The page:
I’m the girl that lives two lives. The mostly put-together one that people see, and the one I hide away with my winter clothes in the leaking garage. I let her visit when I’m alone at home, the lights are out, and nobody will hear me cry.
I use all my energy to come across as “normal” at work, batting emails back and forth like a pro table tennis player. Reports meet deadlines, word counts are adhered to, I rack up the stars on my forehead. I go out with friends and have a few tequilas to entice the bubbly personality out, then crash when I get home because alcohol and meds definitely don’t mix. Crash means to literally race the car of your pretense life into a massive tree. It hurts, you’re stuck, and nobody can see you bleed. You beg God to open his jaws of life again and pull you out the wreck, but most nights you know you have to let yourself be unconscious a while and let your mind take the break it so desperately needs. You cry. You punch the pillow. And eventually you sleep.
When you wrestle with the courage to wake up, it takes everything inside of you to get out of bed, never mind get dressed and walk out the door to face an 8-hour day. The really brave will make eye contact with the mirror and with trembling hands put mascara on (it deters you from crying in the bathroom later at work because the smudges would give you away and ruin your facade), followed by plastering on the fake smile you will need to wear all day. Just like all the ads for long-wearing lipsticks are blatant lies, this red grin has to be reapplied fairly often throughout the day. And, depending on how much stress you need to eat, it can rub off so quickly that sometimes you don’t notice and forget to touch up. Then you get the broken record response from a well-meaning colleague: “Are you OK?”
And of course, you answer: “Yeah, I’m totally fine (insert reapplied lipstick smile). Just focussed on my closing comment to this report. Can’t wait for the party later”
We cannot let the crazy out until parole kicks in after 5, and tears are only allowed in 30-minute stints when your head hits the pillow. It’s exhausting to keep all the moods in their stacked boxes, when all you want to do is collapse on top of them and see them scatter across the room, spilling out all their dirty insides. Keeping the lie alive means killing something else instead. And that is why death creeps up on us – something has to give. You wish the car and tree were real, that the blade would go deep enough this time, that the meds and alcohol would finally find their perfect mix.
But, and this is a huge BUT, I am still deeply grateful. It could be a hell of a lot worse. I am still considered a “high functioning” bipolar bear. There are beautiful people in my tribe who have been dealt a more shitty deal in life. They didn’t get the lipstick, and they don’t have the luxury of waiting to let their emotions run free after hours. Sometimes clinics become second homes and it’s no secret to anyone that they are in distress. Reality comes and goes. The only perk I can see in that deck of cards is the ironic joker free pass – they get help. And if they’re really lucky, people reach out and hold them when they cry.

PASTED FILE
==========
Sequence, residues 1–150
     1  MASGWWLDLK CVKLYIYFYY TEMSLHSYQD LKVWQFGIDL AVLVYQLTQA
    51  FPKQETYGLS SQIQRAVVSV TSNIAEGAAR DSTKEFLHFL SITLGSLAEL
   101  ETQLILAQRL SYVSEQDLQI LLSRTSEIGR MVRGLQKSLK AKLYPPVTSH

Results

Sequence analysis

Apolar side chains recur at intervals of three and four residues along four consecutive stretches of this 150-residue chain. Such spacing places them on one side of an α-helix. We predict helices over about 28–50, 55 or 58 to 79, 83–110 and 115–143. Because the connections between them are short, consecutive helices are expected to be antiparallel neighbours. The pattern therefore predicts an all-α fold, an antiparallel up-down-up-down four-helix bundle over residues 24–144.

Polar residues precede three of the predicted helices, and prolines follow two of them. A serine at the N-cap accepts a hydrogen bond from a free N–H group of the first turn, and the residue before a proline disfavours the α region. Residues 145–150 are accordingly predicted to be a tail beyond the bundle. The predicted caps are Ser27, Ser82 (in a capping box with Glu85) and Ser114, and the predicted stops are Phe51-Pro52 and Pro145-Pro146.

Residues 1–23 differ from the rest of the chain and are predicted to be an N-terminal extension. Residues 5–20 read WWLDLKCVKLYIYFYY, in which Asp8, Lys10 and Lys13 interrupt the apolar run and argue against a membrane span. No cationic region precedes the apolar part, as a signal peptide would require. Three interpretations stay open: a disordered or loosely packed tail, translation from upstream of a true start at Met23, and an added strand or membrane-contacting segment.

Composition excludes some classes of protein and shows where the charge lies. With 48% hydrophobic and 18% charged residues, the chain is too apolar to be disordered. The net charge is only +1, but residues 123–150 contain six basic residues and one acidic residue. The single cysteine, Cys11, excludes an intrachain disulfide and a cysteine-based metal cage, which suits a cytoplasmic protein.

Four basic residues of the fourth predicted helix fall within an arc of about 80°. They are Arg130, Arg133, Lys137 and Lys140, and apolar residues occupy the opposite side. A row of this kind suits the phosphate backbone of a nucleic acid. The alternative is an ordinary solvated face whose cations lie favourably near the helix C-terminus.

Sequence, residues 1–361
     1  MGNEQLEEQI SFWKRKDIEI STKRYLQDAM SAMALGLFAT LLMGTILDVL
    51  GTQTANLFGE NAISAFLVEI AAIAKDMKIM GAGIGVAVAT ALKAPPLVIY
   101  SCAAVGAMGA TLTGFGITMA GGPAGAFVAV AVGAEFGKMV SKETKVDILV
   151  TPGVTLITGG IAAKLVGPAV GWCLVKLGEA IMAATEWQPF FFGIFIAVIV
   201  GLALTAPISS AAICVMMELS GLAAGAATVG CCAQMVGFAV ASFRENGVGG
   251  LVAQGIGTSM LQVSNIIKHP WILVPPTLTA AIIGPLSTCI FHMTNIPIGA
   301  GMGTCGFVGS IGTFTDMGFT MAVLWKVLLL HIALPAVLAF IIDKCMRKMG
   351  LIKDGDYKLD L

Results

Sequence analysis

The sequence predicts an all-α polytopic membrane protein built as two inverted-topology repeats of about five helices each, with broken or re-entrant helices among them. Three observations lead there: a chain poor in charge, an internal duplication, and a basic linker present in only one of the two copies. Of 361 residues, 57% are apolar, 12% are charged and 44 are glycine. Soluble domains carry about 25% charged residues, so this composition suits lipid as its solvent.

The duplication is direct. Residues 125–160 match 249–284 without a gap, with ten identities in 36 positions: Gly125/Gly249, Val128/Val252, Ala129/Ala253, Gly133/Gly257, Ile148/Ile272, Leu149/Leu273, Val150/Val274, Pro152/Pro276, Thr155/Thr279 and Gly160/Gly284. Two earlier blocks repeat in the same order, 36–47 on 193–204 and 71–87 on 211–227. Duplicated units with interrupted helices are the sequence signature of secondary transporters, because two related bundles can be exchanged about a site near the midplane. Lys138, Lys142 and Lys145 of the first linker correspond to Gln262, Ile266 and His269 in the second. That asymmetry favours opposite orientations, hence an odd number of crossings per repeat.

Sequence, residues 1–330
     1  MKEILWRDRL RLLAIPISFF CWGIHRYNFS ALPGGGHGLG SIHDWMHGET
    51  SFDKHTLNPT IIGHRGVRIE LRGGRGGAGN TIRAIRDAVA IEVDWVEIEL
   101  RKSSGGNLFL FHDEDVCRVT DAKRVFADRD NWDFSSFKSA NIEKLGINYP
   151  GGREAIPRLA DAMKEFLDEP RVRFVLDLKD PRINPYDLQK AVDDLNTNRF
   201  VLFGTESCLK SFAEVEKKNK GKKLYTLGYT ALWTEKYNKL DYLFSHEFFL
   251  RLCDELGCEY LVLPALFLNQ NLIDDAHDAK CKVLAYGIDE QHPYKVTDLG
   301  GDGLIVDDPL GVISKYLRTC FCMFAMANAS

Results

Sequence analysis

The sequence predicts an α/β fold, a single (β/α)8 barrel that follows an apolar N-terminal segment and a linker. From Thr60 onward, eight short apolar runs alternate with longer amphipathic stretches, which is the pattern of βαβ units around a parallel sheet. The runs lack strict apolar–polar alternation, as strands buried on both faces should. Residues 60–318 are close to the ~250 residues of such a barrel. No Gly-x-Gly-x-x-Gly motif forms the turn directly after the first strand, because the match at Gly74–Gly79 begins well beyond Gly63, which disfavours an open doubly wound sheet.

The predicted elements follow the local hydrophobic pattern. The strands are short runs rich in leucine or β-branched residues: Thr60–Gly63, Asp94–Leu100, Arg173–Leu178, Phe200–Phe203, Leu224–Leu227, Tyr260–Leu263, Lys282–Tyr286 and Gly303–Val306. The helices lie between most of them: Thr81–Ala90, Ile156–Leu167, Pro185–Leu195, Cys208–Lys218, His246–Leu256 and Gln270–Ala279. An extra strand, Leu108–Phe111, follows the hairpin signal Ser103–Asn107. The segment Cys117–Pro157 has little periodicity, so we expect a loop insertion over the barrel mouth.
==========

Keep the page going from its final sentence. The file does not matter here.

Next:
The high cost of being “high functioning” is that no one hears you, no one notices you and seldom does anyone feel it necessary to help you… when you are apparently so able to help yourself.” – www.healthcentral.com
Until very, very recently I thought I had no choice but to negotiate those Sliding Doors every day – getting on and off the train, switching faces depending on which side of the door I was on. I will never want sympathy pats on the back, I don’t want awkward silences, and I am not shouting a “poor me” from the rooftops. But I am starting to be myself around others, even when I can only handle the discomfort of this new habit a few minutes a day. But, most importantly, I choose to stop hiding behind a cardboard cut-out of shame. That will never be real.
On the 1st October 2015 (a short month ago), I “came out” and introduced the world to the skeleton in my closet. It’s public. My friends know. My family knows. My boss knows.
And guess what – not a single person has treated me differently. It has started heartfelt conversations with other Sliding Door passengers sharing their truth too. It has helped those close to me understand the days I appear like an entirely different person (albeit a “high functioning” one).
I feel less alone.
Truth is, I still don’t want someone around when I’m breaking down with the curtains drawn. I don’t want to be treated differently or wrapped in cotton balls of special treatment. I simply no longer wish to live a lie. I want to cut its oxygen so it no longer has power over me.
I have Bipolar Disorder and some days I’m not OK. I still don’t want you to ask if I am though.
I’m the same person I was before you knew.
I’m just more ME.